Conversely, if you don’t often use your card or consistently pay off your purchases within the interest free period, a low interest card may not offer the benefits you are looking for, and something like a rewards card might work better for you.
Tips to make your low interest credit card work for you:
- Just because it’s low interest, doesn’t mean its no interest. The sooner you have the balance clear at the end of every month, the better.
- Not all low interest credit cards are created equal. Look for ones with very low annual fees or attached loyalty programs.
- Research carefully. Make sure you understand the grace period- if there is one- for new cardholders, and whether the interest rate is fixed or variable.
- Don’t get confused by the projected interest rate, this does not apply to cash withdrawals, only to purchases. Your cash rate will still be upward of 20% and can make things very tricky, very quickly.
No annual fee credit cards
What is a no annual fee card all about?
A credit card that tells it how it is, with no annual fee for using the card.
Who is a no annual fee card for?
This card is perfect for people who rarely use their credit cards, save their credit cards for an emergency or religiously pay off their credit card before the interest period.
If you’re never earning any interest on your card, it’s more important to save money on the annual fee than it is to consider how the interest rate would affect you.
With a higher interest rate than low interest cards, this is not the one you want to use if you are perpetually paying interest on your card.
How can a no annual fee card be good for you?
A caveat here. It is essential, before committing to a card without annual fees, that you can be certain you’ll be able to clear the card at the end of every month. This to me suggests you need an emergency fund and some pretty solid financial skills. With that said, you could save yourself a couple of hundred dollars a month by avoiding paying a fee on the card you barely use.
Whats bad about no annual fee cards?
- If you end up being unable to pay off the balance at the end of the month, you’ll be facing a higher interest rate which, as we all know, has the potential to spiral out of control.
- With a card without annual fees, you’re unlikely to be looking at a thorough loyalty system or lots of benefits. Accept it for what it is; simple and easy to manage.
- Know how long your annual-free period is. It’s a shock to the system to imagine you’ll never have to pay annual fees, only to discover that’s an offer that only lasts for the first year.
Tips to get the most from your no annual fee credit card:
- Know your usage. With a higher rate of interest, it’s important to keep a close eye on your credit card balance.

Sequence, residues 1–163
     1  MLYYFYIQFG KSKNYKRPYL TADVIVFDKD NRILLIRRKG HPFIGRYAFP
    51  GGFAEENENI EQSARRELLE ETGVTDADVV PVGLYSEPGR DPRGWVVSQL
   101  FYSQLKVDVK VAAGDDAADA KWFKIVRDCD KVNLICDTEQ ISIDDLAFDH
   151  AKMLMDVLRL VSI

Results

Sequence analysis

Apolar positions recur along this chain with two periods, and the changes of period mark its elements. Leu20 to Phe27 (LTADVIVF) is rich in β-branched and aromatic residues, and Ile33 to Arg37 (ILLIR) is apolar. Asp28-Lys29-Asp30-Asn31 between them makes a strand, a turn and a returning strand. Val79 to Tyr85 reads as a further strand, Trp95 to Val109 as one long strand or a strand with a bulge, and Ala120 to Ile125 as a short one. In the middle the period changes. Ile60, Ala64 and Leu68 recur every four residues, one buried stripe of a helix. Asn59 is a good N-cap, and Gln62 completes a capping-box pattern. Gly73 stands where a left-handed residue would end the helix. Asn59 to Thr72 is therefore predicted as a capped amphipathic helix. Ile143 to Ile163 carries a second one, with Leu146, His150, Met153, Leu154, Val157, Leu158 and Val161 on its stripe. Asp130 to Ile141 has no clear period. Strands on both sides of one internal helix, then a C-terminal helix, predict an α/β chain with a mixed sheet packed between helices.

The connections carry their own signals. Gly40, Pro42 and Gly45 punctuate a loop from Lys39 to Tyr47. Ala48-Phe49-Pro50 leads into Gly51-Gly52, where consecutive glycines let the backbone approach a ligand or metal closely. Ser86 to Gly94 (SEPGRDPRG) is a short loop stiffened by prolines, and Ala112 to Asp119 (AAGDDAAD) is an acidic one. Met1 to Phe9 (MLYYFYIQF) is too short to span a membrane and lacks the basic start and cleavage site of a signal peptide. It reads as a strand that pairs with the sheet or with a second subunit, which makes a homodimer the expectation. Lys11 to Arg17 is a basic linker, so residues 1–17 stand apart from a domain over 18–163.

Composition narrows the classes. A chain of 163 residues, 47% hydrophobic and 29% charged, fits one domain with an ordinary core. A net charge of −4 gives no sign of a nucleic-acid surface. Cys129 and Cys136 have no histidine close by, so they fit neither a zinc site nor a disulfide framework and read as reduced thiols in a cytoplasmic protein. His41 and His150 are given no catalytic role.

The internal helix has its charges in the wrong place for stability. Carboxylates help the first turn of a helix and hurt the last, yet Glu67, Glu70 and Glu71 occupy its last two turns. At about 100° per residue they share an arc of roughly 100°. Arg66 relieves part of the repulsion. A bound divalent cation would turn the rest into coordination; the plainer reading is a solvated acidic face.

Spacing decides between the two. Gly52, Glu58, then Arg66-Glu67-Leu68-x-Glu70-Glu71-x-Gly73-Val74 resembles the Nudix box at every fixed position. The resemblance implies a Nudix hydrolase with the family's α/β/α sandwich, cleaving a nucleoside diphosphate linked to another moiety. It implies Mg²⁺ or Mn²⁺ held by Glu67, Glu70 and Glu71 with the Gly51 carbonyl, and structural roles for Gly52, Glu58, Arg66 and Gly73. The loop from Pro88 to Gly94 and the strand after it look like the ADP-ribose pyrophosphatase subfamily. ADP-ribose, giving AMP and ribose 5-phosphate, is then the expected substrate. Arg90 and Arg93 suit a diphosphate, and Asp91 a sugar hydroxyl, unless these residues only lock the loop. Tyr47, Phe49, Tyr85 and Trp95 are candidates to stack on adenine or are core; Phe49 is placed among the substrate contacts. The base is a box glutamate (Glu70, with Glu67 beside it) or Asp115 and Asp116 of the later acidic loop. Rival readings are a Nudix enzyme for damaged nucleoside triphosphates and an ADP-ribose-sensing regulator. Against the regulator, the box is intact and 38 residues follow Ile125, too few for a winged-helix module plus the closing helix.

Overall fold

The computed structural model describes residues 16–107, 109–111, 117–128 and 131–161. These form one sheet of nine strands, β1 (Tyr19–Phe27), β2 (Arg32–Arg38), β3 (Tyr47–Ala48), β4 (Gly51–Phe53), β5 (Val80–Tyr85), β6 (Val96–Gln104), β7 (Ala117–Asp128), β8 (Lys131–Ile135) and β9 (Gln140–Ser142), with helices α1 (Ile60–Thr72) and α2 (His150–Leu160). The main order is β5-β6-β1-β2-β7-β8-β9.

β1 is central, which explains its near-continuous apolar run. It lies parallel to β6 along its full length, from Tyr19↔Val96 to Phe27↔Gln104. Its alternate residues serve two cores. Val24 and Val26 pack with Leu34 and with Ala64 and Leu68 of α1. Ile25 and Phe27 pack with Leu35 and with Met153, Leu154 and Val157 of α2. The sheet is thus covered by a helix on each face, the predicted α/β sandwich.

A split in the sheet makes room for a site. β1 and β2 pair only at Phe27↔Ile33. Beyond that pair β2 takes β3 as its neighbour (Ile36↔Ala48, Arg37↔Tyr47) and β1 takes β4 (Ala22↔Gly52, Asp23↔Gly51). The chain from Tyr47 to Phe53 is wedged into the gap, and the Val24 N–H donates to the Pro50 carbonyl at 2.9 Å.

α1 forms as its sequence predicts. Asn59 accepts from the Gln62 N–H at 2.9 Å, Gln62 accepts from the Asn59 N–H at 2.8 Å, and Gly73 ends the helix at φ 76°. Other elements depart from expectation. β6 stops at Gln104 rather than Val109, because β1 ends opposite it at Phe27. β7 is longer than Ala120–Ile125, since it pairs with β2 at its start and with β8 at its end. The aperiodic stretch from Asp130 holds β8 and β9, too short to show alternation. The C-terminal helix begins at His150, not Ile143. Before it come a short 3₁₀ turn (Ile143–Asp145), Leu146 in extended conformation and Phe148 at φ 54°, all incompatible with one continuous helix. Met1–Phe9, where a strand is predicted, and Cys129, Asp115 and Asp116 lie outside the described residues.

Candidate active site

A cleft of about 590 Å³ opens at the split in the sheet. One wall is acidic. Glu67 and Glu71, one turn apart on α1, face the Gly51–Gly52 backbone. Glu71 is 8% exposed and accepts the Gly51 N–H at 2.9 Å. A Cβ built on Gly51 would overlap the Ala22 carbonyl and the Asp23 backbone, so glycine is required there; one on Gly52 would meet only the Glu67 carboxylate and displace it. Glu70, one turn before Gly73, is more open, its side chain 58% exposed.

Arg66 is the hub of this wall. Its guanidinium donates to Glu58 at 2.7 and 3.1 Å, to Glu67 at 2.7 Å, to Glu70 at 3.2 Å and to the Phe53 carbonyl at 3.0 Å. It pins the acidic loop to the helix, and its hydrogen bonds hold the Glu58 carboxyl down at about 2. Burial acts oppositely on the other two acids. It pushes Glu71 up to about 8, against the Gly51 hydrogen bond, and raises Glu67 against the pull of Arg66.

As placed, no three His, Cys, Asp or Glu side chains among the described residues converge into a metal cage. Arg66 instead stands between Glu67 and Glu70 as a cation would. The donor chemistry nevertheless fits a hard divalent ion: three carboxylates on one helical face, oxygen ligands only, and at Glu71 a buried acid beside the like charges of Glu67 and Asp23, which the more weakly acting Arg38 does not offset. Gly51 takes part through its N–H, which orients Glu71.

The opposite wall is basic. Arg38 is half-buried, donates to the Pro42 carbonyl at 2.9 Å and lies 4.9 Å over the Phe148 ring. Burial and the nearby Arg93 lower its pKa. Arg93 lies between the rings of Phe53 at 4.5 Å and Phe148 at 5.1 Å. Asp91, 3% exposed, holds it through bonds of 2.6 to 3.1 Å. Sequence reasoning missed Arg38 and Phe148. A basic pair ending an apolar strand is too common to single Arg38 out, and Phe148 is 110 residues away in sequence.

- Pay off your purchases immediately. It’s a good idea, especially if you’re unused to credit, to transfer the money onto your card immediately.
- Use it to improve your credit history. Even by making a small purchase, and paying it off within the allotted period, you can start improving your credit rating.
What are gold and platinum credit cards?
The luxury liner of credit cards, the courtside seats of the world of plastic, platinum and gold cards bring with them a variety of rewards, points and benefits, as long as you have the cash to back it up. Gold cards are pretty impressive and platinum cards are a status symbol, as well as a means of earning high rewards from credit usage.
Who are gold cards and platinum cards for?
People who pass a reasonably high (for gold) and stringent (for platinum) threshold of income and credit rating. You’ve heard of the saying that money makes money, I’m sure. In this instance, the low interest rate and high credit limit of these cards are due to your money.
The bank that gives you the card is sure you can cover your debts, and their happy to give you a pretty card in order to start spending.
How can a platinum credit card or gold card work for you?
The benefits that come with gold and platinum cards are impressive. Instead of a one point to one dollar spent system, you could be looking at three times that. Some cards offer 100,000 membership points if you put more than $500 on the card in the first month. Others get you straight into exclusive airline lounges, inject thousands of frequent flyer points to your balance and include 24 hour personal assistance with credit issues.
Another benefit is gold and platinum cards bring with them excellent insurance on purchases made with the card. They may also have travel insurance, overseas medical insurance, flight inconvenience insurance.
What are the potential pitfalls of platinum/gold cards?
The potential pitfall for most of us in getting a gold- and, most certainly, in getting a platinum- credit card is we don’t meet the credit and income standards. Our personal finance situation is unique, and sometimes we are unable to meet the threshold to gain the credit card.
The other issue is the annual fee. Like all exclusive things, a gold or platinum cards costs. Expect to pay anywhere between $80- 300, although some cards have no annual fee for the first year.
Tips and tricks for getting the most from your platinum credit card or gold card
- Ensure the card rewards you for how you spend money. You’re looking at a low interest rate and high limit, but it’s important that your rewards and benefits are ones you will use.
- Make sure that the amount you are saving vindicates the amount you spend on the annual fees. Otherwise you may as well get a card without annual fees and throw some status around in a flashy car instead.
- Research your insurance benefits in-depth, in order to ensure you don’t get caught out overseas.
- Keep an eye on exclusive offers. Through affiliation, using a gold or platinum card could save you money as they offer a variety of discounts. It never hurts to ask anyway.